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Cemetery & Cemeteries

Cemeteries have an interesting history and tradition, much of which may not be known to many modern Americans. One, possibly startling, fact about the cemetery is that most do not intended to be permanent resting places for their occupants. After about 100 years, graves in many cemeteries are removed; their headstones destroyed, and remains distributed elsewhere – often underneath the foundation of new churches. The former cemeteries are then turned into parkland, construction sites for new development, or some other use that nearby residents deem to be a better use of the land. This is often done in urban areas that have overtaken the cemetery that were once in very rural areas. Because this has become the fate of many cemeteries in the last few decades, many municipalities have begun strongly discouraging the building of new cemeteries anywhere nears their territories. And, while it’s still very rare, at least one city – San Francisco, California -- has completely banned cemeteries in its city limits.

All of that said, it should be noted that most cemeteries less than 100 years old are well-cared-for, beautifully landscaped parcels of land where the memories of hundreds of families are on display in, often dramatic, splendor. While these cemeteries Cemeteries have an interesting and rich tradition in our cultureare open, any disturbance of a grave is considered a severe crime that his harshly punished. Families who have invested a lot of time, finances, patience - and most of all, love - into the memorial grave marker headstone of a lost loved one can greatly appreciate the protection of the final resting place.

Because large urban areas are often begging for new space (especially in older cities) these types of cemeteries are slowly becoming less practical than they were, say, 200 years ago, but they are still quite popular, and quite in demand. City planners, and many environmental groups, often say they expect the rise of cremation to, gradually, make today’s modern, lush cemeteries all but obsolete in a few decades, but that view is debatable. Today the cemetery is still in heavy demand, and, in many cases, even the ashes of people who have been cremated are buried alongside traditional graves in modern cemeteries.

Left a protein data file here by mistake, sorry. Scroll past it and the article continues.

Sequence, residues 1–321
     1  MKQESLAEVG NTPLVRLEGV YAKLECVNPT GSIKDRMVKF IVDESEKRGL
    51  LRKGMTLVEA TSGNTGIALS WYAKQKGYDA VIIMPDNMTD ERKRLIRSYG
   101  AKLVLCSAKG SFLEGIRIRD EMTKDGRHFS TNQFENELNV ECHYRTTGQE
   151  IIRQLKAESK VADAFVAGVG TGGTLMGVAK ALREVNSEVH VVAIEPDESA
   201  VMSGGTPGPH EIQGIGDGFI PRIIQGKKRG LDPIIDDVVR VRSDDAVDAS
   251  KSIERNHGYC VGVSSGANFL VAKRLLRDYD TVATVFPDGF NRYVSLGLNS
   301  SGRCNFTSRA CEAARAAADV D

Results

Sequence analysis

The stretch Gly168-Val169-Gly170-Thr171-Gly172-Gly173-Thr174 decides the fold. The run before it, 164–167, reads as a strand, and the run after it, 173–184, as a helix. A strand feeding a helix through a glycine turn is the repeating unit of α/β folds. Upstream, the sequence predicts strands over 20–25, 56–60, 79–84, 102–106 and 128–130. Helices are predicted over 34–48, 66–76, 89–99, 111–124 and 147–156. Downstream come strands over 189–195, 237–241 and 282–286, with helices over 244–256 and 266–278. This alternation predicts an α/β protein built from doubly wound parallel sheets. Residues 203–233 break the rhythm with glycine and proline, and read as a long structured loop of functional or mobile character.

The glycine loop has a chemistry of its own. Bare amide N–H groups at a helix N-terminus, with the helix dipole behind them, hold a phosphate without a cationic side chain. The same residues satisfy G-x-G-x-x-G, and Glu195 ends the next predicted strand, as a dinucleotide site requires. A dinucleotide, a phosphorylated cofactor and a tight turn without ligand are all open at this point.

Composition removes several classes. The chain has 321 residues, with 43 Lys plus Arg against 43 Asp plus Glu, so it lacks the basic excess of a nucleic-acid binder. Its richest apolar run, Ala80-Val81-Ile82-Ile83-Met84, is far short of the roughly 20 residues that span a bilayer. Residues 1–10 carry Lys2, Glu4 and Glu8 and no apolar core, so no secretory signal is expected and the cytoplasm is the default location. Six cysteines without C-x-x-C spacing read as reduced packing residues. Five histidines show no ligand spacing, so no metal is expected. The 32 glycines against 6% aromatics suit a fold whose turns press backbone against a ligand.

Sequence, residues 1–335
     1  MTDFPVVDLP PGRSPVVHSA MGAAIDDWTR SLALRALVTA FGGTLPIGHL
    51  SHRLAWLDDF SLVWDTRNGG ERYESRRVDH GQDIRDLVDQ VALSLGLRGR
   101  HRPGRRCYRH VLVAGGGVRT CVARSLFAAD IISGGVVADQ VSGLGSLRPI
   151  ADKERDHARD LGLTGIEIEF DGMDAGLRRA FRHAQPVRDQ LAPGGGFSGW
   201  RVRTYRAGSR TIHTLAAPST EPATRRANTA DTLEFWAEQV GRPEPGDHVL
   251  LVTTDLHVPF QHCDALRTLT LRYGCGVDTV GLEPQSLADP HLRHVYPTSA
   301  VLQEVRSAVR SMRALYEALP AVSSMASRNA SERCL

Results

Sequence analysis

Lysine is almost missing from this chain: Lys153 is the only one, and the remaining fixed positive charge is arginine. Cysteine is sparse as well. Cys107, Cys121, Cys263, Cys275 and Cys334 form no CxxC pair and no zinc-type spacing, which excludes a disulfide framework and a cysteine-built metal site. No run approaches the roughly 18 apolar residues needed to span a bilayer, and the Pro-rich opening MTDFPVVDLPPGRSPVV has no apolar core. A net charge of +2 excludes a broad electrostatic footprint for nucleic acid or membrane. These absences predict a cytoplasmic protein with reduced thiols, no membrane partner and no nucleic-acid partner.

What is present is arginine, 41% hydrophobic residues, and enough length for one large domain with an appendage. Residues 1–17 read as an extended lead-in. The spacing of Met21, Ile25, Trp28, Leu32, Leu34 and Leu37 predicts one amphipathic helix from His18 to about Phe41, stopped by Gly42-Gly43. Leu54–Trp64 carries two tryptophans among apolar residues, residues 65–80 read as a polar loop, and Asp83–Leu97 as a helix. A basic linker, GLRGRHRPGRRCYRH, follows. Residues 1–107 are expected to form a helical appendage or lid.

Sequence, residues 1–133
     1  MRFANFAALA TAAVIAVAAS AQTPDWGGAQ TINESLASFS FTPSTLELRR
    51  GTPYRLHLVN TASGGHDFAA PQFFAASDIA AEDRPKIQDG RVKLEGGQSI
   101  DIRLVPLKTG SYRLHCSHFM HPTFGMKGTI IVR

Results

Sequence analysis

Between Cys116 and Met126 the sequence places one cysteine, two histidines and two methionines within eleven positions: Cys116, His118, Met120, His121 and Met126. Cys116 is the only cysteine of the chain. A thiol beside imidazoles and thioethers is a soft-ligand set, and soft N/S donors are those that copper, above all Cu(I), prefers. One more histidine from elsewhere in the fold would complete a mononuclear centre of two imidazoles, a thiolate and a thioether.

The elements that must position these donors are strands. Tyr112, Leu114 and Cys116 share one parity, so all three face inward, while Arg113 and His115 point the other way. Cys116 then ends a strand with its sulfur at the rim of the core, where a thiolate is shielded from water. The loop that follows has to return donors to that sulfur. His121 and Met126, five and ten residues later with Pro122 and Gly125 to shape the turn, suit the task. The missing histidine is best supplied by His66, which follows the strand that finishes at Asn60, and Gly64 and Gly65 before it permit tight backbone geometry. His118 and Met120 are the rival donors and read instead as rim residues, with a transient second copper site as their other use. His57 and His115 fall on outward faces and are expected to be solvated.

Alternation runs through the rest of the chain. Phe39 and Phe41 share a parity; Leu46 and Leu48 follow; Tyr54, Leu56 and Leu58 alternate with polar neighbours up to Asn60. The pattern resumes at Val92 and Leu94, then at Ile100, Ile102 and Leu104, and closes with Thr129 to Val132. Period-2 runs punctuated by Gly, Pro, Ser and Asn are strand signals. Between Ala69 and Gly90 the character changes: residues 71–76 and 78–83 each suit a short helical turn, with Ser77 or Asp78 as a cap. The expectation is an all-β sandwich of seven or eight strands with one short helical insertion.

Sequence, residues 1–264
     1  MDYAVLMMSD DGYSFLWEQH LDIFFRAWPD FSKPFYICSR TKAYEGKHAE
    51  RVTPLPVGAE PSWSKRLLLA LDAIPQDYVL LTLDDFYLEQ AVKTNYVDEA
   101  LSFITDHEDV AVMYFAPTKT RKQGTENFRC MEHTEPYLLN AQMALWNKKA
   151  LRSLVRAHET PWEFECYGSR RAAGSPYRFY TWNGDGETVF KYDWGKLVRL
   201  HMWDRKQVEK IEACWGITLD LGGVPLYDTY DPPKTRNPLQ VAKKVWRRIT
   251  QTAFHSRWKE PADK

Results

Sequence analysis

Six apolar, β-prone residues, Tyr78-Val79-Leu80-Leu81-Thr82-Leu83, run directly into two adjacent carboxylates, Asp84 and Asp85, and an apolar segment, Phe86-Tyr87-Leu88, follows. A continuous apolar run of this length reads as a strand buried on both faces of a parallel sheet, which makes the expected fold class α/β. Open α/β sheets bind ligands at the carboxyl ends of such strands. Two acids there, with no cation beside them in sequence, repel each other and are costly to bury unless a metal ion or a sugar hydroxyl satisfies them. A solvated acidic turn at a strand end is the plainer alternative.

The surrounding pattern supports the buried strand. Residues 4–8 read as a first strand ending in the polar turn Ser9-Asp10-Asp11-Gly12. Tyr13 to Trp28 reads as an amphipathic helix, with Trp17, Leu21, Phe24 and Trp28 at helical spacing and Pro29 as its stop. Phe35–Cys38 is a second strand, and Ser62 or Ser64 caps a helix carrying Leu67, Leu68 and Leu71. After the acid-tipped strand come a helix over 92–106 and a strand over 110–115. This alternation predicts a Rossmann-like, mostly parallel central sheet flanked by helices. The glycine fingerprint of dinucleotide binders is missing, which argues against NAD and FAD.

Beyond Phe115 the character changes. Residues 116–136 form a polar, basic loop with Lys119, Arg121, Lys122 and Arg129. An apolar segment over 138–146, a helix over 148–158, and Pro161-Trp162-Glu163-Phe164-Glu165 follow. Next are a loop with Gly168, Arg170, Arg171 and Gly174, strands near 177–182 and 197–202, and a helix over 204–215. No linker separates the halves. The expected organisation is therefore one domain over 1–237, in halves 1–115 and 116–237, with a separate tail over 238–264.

Just as the death care industry in itself has greatly changed, cemeteries have varied dramatically among cultures over the years to the practices that are known today, and many say it is an all-around change for the better. The funeral industry has been regulated to offer more options for memorial consumers, and many regulations in cemeteries have been updated to ensure better care for these very sacred sections of land. The well-landscaped, inviting, open cemeteries described above are just the common type in the United States today. In other nations, for example, cemeteries are a collection of small, fenced-in family plots, each with their own landscaping that is, typically, not as elaborate as that found in many American cemeteries; where gravesites are decorated with not only permanent tributes, but also small keepsakes left by grieving loved ones. Today the modern cemetery is often said to have their roots in a tradition that is anything but similar to the modern style: The Egyptian Pyramid, in which great leaders and their families and servants were buried together in giant, elaborately designed tombs, is said to be the ironic forefather of today’s cemeteries.

Because of their association with death, of course, cemeteries have almost always been associated with mysterious legends and even superstitious. A number of offbeat, strange, and even illicit religions are believed to use cemeteries – usually illegally – for strange nighttime ceremonies. But, despite the lore, strange, supernatural happenings at cemeteries appear to be the exception, rather than the rule. Most people who work at, or live near, cemeteries report that they have never encountered any out the ordinary occurrences. For many, rather than being a spooky or mysterious place, a cemetery is seen as an essential part of the death care system, as it provides a place in which memories can be sustained, and loved ones can be remembered and honored.

In fact, as with other aspects of the memorial industry, the views on cemeteries has greatly evolved since the days when lore and superstition ran rampant. Whereas in the past, many were afraid to enter a cemetery unless absolutely necessary, today cemeteries are seen as peaceful, and even relaxing, places where one can go to not only pay their respects to a dearly departed soul, but also find a place of harmony in which to pray or reminisce over the memories they left.

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